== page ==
Horses may have their ears up if they are enjoying engaging with someone or out and down a bit if they are feeling super relaxed. Just to confuse things a bit, horse residents sometimes also point their ears back when they are experiencing positive emotions! However, this ear position is generally accompanied by eyes that are half-closed, an upper lip that is extended a little or twitching, and an otherwise relaxed body. Context is important. If you are grooming a horse resident and observe these things, they are likely feeling pretty good. If you are grooming and they lay their ears back and extend their neck towards you, are restless, attempt to leave, or you can see the tension around their eyes, in their cheeks, or if their lips are back showing their teeth, you should promptly and carefully remove yourself from their vicinity.

    Rapidly Changing Positions 

    There are times when a horse residents ears may move quickly back and forth. This can simply be them trying to pinpoint where certain sounds are coming from or could be a sign of anxiety when accompanied by certain behaviors and other body language (seeing the whites of their eyes, rolling their eyes back and forth, raising their tail, raising their head back, and so on) You may also see a resident’s ears twitching if there are flies or other insects bothering them. A resident suffering from colic may move their ears back and forth a bit in discomfort.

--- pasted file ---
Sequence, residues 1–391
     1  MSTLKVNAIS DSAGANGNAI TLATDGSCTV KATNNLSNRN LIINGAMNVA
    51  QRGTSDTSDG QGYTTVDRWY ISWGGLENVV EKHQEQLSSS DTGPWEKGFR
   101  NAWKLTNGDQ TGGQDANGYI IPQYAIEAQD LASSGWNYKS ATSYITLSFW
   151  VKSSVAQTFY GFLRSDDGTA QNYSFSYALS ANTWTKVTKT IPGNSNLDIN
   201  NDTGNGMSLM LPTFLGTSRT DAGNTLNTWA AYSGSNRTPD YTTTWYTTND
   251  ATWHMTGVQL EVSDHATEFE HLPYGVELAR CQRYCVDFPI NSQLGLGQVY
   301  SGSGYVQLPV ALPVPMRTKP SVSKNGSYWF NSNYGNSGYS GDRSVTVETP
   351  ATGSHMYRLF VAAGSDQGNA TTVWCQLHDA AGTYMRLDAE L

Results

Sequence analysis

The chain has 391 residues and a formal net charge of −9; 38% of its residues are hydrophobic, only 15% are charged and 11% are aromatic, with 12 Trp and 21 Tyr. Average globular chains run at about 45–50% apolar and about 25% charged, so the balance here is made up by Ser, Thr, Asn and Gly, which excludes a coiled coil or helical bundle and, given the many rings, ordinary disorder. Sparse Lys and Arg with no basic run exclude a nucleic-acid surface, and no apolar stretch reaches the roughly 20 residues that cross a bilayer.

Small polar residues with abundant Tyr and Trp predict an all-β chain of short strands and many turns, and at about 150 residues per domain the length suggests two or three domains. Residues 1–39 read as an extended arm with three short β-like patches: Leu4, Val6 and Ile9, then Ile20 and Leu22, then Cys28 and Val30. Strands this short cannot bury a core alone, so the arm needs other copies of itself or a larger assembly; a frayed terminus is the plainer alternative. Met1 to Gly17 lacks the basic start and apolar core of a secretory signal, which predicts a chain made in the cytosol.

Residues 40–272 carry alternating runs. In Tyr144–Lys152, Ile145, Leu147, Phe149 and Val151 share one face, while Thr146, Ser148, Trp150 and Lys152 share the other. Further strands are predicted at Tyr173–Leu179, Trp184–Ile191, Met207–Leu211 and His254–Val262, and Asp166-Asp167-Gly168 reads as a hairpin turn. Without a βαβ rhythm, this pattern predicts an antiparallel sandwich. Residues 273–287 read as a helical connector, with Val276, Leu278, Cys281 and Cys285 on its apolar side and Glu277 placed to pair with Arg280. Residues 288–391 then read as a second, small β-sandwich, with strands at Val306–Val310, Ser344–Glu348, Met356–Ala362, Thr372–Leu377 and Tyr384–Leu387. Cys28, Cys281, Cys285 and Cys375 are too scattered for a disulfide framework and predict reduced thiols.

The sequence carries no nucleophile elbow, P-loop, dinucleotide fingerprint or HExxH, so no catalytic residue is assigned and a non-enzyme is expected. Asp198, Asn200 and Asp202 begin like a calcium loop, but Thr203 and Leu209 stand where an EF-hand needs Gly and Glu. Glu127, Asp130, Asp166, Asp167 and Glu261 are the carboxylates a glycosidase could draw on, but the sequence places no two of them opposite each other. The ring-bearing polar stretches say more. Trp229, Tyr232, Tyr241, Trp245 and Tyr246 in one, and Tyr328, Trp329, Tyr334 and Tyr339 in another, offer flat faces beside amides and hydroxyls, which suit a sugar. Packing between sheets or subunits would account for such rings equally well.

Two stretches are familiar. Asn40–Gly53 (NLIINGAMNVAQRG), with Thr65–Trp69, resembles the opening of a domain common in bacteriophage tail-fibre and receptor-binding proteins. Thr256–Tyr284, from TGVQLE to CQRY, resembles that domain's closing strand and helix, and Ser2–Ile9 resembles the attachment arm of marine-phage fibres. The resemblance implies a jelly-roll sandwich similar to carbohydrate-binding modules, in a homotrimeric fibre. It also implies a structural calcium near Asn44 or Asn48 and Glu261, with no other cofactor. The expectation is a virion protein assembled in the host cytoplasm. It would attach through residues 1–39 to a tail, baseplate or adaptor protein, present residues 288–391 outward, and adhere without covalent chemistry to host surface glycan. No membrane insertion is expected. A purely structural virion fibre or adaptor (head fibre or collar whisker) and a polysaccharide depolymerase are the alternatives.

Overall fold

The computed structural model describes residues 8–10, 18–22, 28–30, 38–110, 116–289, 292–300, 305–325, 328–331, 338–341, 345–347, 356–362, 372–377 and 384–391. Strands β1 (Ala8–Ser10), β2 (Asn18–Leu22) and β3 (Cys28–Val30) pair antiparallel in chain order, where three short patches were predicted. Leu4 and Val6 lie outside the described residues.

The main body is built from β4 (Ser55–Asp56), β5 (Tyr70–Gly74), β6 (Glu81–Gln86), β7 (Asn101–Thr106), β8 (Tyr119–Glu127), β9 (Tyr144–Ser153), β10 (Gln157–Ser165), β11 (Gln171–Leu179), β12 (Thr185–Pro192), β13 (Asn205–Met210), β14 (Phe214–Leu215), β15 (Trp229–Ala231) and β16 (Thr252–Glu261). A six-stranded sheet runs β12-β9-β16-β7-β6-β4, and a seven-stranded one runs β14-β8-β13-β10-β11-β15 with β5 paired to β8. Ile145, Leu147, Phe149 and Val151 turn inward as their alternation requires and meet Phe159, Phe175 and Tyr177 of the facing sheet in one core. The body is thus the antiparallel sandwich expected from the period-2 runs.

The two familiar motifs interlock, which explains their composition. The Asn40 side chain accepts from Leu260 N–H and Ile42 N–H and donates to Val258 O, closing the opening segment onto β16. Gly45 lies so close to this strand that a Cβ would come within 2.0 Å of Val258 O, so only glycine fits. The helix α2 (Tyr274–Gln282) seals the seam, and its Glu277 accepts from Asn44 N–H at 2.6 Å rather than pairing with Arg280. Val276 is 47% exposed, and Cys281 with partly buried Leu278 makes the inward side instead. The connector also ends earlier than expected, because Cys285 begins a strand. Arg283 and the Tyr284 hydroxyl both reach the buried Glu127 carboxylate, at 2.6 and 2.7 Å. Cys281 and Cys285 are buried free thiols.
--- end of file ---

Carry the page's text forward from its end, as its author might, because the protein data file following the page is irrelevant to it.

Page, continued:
The Full Picture

    As you may have noticed, sometimes ear position can look quite similar but be expressing different emotional states. In order to get the full picture of what a horse resident is trying to “say”, it is important to understand the context of the situation you are witnessing. While the above is a good introduction to horse body language and can certainly help you have a better idea of what your horse residents may be experiencing or expressing, you will learn through this series on body language that context is important, as is having a good understanding of horse behavior and recognizing nuances in body language and behavior. Knowing about ear, tail, head position, and body posture, as well as eye, nose, and mouth movements, will allow you to have a clearer picture of what is being “said”. For now, observe your horse residents and see what their ears are telling you!

    SOURCES

    Understanding Your Horse’s Body Language | RSPCA

    Equine Senses: Hearing | Ask a Vet: Horse & Rider (Non-Compassionate Source)

    EquiFACS: The Equine Facial Action Coding System | PLOS ONE (Non-Compassionate Source)

    Horse Reactions To Human Attitudes And Behavior |Antrhozoös (Non-Compassionate Source)

    What Do Ears Positions Tell Us About Horse Welfare? | Ethologie Animale Et Humaine (Non-Compassionate Source)

    Facial Expression And Oxytocin As Possible Markers Of Positive Emotions In Horses | Scientific Reports (Non-Compassionate Source)

    Horse Body Language | Extension Horses  (Non-Compassionate Source)

    Non-Compassionate Source?
    If a source includes the (Non-Compassionate Source) tag, it means that we do not endorse that particular source’s views about animals, even if some of their insights are valuable from a care perspective. See a more detailed explanation here.